Individuals, partnerships, and corporations are all eligible to claim a tax deduction on their tax return for donated equipment or machinery. When you donate equipment, machinery, or any other tangible asset, and the listed fair market value is in excess of $500, you are required to fill out IRS Form 8283 (Non Cash Charitable Deductions). On donations above $500, but no more than $5,000, you need to fill out Section A of Form 8283 and you usually don't need to provide an equipment appraisal. On donations above $5,000, you must fill out Section B of Form 8283 and you usually do need to provide an appraisal.

Why Does the IRS Require Equipment Appraisals?

The agency that is responsible for collecting taxes does not necessarily think that everyone will overstate the value of their donation so they can claim a bigger deduction, but they are not stupid. People do cheat.  Have you ever donated a bag of slightly worn clothes to Goodwill worth maybe $50 and claimed a deduction for $450 (remember no appraisal is needed if the donation is under $500)? 

The IRS generally does not question donations under $500, but you should keep records/receipts of all charitable gifts just in case they do. An equipment and machinery appraisal is required on more highly-valued items because the potential "cheating" can seriously reduce the amount of revenue the agency receives.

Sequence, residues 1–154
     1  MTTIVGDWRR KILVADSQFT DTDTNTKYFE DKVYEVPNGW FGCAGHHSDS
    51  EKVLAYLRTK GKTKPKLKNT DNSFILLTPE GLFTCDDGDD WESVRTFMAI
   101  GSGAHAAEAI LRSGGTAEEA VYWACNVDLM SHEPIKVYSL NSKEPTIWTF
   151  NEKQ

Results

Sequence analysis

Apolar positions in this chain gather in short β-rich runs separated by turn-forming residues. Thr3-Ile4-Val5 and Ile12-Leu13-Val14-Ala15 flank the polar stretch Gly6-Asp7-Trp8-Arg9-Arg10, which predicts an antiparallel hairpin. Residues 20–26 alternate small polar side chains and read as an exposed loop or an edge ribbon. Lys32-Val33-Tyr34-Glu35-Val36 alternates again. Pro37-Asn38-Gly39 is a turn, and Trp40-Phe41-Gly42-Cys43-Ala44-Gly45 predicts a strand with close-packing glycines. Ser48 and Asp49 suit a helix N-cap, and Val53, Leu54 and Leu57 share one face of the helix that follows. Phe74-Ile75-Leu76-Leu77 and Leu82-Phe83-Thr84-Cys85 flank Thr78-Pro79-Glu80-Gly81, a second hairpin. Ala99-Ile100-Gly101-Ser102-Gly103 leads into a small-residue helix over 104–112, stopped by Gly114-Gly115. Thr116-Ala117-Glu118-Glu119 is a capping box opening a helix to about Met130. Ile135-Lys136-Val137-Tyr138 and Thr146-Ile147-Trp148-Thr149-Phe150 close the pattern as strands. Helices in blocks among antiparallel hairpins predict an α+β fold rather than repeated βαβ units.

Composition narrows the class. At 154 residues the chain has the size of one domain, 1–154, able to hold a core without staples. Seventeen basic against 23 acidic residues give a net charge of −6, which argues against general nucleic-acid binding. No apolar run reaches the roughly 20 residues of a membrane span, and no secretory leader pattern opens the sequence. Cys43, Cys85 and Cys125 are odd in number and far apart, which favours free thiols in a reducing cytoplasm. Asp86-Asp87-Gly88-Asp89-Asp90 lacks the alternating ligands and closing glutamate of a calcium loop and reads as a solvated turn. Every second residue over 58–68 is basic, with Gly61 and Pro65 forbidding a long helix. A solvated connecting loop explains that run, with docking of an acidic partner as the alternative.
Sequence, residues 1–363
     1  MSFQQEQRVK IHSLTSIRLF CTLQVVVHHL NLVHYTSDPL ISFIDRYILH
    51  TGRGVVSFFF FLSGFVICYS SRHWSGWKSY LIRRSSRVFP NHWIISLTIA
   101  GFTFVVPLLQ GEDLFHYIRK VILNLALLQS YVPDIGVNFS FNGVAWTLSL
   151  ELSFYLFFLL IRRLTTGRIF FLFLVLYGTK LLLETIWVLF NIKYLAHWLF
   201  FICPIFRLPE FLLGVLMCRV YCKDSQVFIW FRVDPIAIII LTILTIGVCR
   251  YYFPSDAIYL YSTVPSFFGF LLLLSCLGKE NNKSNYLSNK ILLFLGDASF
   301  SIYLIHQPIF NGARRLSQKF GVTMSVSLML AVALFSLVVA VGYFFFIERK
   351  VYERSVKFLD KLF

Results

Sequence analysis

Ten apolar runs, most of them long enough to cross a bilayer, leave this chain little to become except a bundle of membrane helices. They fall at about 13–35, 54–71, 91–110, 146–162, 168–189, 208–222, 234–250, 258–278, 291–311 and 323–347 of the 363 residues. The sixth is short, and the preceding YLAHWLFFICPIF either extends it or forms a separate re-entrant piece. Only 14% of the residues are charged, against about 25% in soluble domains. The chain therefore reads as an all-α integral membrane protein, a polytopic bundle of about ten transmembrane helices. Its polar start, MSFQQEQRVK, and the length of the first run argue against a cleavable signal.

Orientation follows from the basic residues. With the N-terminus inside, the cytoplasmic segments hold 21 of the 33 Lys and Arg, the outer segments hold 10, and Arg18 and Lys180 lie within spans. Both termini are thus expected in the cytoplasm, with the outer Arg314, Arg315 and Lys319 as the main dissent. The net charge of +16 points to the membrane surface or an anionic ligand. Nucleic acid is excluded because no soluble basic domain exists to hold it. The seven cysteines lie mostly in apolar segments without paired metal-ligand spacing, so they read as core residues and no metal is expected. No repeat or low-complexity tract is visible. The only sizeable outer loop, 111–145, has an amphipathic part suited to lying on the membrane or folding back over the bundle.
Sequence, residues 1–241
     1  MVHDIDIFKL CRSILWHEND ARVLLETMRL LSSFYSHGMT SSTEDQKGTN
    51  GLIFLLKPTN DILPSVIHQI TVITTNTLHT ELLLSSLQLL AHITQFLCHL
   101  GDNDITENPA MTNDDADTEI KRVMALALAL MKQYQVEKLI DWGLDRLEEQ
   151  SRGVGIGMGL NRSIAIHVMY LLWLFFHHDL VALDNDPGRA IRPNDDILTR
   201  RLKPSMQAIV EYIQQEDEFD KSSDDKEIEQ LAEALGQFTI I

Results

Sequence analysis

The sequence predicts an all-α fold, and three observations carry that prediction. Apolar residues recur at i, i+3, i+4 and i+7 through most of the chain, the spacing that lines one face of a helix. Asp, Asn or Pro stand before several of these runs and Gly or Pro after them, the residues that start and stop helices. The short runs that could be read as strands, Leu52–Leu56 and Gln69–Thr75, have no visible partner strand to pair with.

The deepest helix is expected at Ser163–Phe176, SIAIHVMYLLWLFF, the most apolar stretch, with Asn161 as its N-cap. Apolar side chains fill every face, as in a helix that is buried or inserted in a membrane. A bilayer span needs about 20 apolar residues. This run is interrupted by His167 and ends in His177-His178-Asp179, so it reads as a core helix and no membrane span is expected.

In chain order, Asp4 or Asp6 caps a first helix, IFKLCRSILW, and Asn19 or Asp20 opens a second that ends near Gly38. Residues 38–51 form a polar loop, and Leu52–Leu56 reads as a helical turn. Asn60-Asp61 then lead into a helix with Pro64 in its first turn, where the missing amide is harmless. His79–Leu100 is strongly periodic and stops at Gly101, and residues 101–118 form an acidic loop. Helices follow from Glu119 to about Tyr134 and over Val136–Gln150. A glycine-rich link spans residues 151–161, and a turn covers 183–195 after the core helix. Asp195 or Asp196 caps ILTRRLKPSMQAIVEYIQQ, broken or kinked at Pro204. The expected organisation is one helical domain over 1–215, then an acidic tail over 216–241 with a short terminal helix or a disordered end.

In most cases where you need an appraisal, you don't need to attach it to Form 8283 and submit it with your return. An exception would be if your claimed donation is over $500,000. Keep the donation appraisal in your records just in case the IRS questions the amount of the claimed deduction.

Who is a Qualified Appraiser?

Equipment value established by an accredited equipment appraiser is more likely to be accepted as accurate by the IRS.  In general, a qualified or accredited equipment appraiser has the experience, education, and ability to perform an equipment or machinery valuation by following generally accepted appraisal standards.  Accredited equipment appraisers are so designated by the American Society of Appraisers and are compliant with the Uniform Standards of Professional Appraisal Practice.

You would not want to rely on a real estate appraiser if you needed to have your art collection appraised. You would hire an accredited art appraiser. Similarly, if you are interested in a machinery and equipment appraisal to establish fair market value for your donation, you would hire an appraiser specifically trained to appraise the type of property being donated. 

How do you find a Competent Equipment Appraiser?

Don't try to save a few dollars by hiring the cheapest appraiser you can find. You should always look for an accredited equipment appraiser who has the credentials to do an accurate assessment of equipment values. Using an appraisal company that only hires accredited appraisers is probably the best way to assure that you will get a competent equipment appraiser and an accurate appraisal for the equipment you want to donate.